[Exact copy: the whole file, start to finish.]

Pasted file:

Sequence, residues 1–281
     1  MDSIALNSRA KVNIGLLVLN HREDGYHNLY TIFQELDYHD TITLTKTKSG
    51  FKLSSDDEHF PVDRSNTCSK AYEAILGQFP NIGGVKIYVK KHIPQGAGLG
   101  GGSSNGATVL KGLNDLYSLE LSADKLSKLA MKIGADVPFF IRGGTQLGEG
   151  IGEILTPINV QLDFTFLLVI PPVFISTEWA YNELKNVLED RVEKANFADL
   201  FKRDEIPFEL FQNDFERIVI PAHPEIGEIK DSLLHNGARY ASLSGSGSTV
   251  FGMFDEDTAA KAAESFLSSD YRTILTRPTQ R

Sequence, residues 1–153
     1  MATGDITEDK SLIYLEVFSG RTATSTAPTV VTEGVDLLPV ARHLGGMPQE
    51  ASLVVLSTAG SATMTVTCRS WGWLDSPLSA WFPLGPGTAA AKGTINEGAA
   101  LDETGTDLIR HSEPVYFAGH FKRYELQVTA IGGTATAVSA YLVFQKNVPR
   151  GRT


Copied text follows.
Sequence, residues 1–281
     1  MDSIALNSRA KVNIGLLVLN HREDGYHNLY TIFQELDYHD TITLTKTKSG
    51  FKLSSDDEHF PVDRSNTCSK AYEAILGQFP NIGGVKIYVK KHIPQGAGLG
   101  GGSSNGATVL KGLNDLYSLE LSADKLSKLA MKIGADVPFF IRGGTQLGEG
   151  IGEILTPINV QLDFTFLLVI PPVFISTEWA YNELKNVLED RVEKANFADL
   201  FKRDEIPFEL FQNDFERIVI PAHPEIGEIK DSLLHNGARY ASLSGSGSTV
   251  FGMFDEDTAA KAAESFLSSD YRTILTRPTQ R

Sequence, residues 1–153
     1  MATGDITEDK SLIYLEVFSG RTATSTAPTV VTEGVDLLPV ARHLGGMPQE
    51  ASLVVLSTAG SATMTVTCRS WGWLDSPLSA WFPLGPGTAA AKGTINEGAA
   101  LDETGTDLIR HSEPVYFAGH FKRYELQVTA IGGTATAVSA YLVFQKNVPR
   151  GRT